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August 23, 1995

Aging Heart Adapts to Change; Researchers Begin to Unravel Some Mechanisms Involved

JAMA. 1995;274(8):597-598. doi:10.1001/jama.1995.03530080013005

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ADAPTATION is the key word in the view of some researchers studying the aging heart today.

The theory is that the older heart adapts to specific deficits in performance through compensatory adjustments in its other functional characteristics.

Therefore, National Institute on Aging (NIA) researchers like Edward G. Lakatta, MD, Jerome L. Fleg, MD, and colleagues are seeking to unravel the aging heart's adaptive mechanisms. They are addressing adaptive changes in:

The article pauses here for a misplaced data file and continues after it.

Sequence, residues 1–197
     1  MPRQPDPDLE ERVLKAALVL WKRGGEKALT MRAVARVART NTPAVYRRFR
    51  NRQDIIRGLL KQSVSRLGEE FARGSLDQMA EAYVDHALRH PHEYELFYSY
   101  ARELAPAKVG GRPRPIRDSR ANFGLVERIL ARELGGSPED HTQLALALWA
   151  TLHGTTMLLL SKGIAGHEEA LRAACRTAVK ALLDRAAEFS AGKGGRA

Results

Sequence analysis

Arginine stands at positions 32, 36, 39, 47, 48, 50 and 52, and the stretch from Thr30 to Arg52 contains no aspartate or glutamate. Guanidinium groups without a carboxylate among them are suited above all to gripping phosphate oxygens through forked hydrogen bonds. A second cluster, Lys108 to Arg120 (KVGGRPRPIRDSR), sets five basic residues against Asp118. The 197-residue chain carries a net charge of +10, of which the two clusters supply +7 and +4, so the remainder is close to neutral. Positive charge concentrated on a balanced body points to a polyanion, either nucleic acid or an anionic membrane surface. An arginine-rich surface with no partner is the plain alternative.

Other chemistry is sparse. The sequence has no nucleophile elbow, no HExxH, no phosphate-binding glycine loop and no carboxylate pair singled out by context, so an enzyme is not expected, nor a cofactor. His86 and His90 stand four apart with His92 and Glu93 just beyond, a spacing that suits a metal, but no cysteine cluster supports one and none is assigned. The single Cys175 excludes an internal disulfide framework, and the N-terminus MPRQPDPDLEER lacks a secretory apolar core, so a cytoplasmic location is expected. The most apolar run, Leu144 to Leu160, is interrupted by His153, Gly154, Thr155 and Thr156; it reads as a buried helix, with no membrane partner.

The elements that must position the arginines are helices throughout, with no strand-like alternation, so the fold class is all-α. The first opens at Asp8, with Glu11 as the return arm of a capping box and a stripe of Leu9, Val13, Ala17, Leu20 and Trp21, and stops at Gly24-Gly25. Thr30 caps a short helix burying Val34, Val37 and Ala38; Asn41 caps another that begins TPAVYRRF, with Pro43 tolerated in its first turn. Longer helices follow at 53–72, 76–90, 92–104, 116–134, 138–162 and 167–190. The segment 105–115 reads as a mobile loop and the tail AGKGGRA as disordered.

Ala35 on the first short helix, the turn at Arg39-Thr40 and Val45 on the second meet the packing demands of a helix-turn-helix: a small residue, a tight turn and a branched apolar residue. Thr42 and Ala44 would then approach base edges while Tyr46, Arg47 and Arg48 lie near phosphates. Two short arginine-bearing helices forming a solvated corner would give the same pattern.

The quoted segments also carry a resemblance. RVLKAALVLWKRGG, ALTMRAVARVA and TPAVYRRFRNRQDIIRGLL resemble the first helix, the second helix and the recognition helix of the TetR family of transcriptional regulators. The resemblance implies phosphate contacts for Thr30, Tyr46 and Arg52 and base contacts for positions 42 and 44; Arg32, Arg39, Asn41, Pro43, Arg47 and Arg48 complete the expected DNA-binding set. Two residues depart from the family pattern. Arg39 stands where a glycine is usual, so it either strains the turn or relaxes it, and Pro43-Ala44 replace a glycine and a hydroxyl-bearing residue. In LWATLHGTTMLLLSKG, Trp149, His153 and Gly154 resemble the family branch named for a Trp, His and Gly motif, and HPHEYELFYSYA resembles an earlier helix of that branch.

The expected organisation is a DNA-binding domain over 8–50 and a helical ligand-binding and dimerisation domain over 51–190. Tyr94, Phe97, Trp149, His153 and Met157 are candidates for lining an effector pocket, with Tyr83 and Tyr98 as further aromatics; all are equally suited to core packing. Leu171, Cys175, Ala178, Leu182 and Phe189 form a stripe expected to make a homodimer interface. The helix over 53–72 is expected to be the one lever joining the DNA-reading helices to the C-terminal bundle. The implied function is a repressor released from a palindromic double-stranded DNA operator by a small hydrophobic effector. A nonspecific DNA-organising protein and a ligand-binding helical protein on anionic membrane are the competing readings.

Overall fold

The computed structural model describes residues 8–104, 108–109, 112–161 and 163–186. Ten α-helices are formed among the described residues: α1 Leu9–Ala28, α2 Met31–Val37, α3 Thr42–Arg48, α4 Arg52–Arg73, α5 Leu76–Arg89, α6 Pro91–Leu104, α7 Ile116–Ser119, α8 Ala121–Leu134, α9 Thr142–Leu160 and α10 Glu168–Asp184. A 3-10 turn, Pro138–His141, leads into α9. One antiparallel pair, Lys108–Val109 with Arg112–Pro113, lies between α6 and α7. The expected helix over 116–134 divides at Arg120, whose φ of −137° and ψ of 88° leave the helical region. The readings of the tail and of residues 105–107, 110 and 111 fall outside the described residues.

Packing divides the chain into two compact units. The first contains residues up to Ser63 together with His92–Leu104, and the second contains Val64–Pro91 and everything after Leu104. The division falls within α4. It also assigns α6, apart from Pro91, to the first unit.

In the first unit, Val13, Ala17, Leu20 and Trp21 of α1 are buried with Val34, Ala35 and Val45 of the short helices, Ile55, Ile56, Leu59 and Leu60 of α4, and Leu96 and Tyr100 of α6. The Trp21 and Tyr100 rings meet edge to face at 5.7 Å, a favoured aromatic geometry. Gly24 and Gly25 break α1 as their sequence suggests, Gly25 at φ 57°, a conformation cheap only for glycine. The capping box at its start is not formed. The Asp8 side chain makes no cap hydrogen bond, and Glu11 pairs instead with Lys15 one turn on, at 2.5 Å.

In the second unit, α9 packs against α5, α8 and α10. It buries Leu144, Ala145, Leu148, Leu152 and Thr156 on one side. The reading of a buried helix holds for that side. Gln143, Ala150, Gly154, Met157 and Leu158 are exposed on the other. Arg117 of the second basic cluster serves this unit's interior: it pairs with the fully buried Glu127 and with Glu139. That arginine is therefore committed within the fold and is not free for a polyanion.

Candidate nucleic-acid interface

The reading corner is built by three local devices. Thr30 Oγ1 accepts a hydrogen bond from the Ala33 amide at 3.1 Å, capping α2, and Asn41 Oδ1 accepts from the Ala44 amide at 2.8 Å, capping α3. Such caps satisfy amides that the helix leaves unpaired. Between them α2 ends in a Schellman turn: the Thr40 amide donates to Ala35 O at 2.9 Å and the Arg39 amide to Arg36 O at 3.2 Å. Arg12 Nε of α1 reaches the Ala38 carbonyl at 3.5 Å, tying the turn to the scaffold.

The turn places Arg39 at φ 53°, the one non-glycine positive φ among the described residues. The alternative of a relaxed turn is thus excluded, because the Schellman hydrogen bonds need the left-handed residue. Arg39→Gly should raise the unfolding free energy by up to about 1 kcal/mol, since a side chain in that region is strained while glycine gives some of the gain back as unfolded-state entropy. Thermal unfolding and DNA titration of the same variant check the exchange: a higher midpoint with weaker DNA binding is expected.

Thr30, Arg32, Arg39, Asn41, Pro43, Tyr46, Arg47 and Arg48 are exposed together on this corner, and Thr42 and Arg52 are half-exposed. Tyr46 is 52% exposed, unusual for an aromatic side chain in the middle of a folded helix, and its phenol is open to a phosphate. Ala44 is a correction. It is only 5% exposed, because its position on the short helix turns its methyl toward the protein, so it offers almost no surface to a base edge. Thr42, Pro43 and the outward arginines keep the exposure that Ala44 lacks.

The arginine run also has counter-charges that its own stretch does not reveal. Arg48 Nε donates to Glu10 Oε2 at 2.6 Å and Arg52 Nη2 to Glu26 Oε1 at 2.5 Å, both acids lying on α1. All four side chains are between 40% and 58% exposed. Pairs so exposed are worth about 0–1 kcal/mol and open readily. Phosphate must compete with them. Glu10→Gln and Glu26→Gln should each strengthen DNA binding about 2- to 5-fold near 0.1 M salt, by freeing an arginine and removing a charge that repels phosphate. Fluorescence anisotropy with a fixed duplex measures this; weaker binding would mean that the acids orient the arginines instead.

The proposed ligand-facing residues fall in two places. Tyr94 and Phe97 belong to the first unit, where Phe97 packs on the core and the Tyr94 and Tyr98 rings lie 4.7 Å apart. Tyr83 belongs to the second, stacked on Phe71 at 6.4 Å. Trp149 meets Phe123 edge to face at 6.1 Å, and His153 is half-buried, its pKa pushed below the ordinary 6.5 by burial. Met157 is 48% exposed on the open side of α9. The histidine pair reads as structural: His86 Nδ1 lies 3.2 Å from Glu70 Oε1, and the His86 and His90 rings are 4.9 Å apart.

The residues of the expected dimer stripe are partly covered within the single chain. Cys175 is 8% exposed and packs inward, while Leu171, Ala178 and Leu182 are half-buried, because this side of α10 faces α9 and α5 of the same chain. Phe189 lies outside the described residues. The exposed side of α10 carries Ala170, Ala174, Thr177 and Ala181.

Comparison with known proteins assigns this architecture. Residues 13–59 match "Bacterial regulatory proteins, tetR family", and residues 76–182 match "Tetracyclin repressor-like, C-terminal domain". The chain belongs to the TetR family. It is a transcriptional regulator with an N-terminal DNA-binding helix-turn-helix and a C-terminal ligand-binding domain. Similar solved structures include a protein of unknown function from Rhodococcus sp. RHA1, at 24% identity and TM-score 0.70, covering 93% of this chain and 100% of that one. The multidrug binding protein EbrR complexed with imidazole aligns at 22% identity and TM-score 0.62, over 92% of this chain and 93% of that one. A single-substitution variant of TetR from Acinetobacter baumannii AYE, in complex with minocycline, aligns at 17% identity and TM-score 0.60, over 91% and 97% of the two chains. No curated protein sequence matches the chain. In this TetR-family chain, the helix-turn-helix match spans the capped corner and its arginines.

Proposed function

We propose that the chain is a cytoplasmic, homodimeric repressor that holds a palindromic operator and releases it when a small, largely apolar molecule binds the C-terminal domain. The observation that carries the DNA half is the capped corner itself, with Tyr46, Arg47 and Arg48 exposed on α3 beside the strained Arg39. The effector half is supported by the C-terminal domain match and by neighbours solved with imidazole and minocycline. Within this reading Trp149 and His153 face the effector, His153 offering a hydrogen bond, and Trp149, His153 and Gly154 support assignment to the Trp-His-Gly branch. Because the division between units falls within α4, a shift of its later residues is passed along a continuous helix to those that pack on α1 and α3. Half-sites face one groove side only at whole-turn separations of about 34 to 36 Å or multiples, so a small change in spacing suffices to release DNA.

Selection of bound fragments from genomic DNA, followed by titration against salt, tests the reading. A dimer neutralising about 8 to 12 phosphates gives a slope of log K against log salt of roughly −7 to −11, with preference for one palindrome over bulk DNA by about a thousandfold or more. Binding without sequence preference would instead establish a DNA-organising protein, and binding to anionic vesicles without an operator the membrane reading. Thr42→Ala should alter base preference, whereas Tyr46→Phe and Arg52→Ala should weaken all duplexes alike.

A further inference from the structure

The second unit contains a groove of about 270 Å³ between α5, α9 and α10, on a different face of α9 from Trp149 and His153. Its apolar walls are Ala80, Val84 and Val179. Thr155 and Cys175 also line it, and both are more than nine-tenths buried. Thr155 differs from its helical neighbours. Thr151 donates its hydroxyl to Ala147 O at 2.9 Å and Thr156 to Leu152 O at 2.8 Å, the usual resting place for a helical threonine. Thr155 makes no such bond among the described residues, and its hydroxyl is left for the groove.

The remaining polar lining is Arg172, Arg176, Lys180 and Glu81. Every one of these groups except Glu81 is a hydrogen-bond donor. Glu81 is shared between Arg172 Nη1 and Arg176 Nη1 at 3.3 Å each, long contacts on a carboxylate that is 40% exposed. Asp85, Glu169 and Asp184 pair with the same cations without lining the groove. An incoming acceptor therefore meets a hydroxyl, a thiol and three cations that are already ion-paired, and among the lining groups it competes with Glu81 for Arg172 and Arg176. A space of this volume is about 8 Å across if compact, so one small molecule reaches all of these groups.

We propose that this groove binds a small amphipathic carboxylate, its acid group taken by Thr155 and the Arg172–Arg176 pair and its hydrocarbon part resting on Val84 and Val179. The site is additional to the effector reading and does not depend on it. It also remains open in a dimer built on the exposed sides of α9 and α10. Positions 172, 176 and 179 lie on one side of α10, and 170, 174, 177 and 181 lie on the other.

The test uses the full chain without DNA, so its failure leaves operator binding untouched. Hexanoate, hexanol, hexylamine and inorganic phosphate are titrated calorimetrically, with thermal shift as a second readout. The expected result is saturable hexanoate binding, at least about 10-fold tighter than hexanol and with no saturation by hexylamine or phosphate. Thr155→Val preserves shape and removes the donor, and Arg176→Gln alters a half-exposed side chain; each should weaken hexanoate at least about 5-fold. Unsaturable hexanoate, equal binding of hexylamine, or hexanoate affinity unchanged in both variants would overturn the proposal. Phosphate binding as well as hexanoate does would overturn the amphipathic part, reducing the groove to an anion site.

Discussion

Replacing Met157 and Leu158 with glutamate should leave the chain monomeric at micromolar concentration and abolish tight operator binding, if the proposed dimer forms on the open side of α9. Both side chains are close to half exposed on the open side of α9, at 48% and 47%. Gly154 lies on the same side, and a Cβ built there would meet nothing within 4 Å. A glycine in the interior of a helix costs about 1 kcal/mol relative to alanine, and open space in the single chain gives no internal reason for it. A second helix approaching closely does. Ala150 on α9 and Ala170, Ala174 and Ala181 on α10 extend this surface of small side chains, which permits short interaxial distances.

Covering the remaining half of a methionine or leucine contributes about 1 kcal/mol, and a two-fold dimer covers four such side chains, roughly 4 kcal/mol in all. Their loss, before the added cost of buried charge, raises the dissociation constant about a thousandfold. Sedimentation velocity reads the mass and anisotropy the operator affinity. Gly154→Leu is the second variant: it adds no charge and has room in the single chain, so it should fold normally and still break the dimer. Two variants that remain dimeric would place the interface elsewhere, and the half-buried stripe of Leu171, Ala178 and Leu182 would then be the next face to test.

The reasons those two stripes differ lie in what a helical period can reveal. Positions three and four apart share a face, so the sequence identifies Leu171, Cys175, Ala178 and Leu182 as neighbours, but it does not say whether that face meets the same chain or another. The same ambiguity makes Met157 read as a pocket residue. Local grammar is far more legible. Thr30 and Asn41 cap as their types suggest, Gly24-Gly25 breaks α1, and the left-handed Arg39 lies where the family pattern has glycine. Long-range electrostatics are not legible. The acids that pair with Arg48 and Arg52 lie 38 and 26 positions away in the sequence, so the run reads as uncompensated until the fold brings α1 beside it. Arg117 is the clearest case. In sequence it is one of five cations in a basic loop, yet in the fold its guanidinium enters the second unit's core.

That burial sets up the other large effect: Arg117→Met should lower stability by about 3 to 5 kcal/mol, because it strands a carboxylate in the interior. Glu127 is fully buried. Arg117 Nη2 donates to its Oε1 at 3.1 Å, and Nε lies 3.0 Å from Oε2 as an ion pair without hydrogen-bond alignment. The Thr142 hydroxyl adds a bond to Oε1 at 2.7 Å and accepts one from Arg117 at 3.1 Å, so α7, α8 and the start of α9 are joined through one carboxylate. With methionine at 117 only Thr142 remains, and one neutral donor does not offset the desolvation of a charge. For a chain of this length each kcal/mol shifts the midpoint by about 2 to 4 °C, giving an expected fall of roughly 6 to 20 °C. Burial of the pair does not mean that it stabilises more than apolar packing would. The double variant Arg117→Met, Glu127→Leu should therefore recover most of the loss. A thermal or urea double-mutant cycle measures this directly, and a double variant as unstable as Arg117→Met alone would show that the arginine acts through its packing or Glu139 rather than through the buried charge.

• Cardiac structure and resting performance;

  • Response to acute and chronic stresses; and

  • Sympathetic modulation of cardiovascular function.

Costly to Older Persons' Health  Richard J. Hodes, MD, the NIA's director on the parent National Institutes of Health (NIH) campus, Bethesda, Md, notes that cardiovascular disease accounts for four or more of every 10 deaths among persons in this country aged 65 to 74 years.In a recent NIA booklet (NIH publication 94-3738) on cardiovascular aging, Hodes writes that "research on the

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